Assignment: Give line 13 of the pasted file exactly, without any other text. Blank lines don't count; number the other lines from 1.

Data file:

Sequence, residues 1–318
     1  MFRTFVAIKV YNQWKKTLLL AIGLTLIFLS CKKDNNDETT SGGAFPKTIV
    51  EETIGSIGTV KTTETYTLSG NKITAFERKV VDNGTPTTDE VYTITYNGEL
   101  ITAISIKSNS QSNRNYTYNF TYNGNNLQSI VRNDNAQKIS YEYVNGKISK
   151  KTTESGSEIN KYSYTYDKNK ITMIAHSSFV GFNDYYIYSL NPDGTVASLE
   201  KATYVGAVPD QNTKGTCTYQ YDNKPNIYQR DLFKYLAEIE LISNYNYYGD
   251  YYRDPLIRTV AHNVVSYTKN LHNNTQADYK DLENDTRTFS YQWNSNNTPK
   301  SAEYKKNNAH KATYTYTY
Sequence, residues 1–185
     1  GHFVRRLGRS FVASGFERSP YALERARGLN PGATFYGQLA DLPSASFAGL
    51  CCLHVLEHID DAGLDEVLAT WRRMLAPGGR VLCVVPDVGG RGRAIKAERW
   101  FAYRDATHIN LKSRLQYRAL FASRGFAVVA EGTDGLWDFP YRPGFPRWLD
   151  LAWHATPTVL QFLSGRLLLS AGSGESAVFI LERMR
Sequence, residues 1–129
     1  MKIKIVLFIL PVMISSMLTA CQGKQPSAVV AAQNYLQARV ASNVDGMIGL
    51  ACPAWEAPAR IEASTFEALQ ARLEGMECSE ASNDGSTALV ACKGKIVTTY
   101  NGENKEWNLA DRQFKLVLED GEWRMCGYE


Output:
   151  LAWHATPTVL QFLSGRLLLS AGSGESAVFI LERMR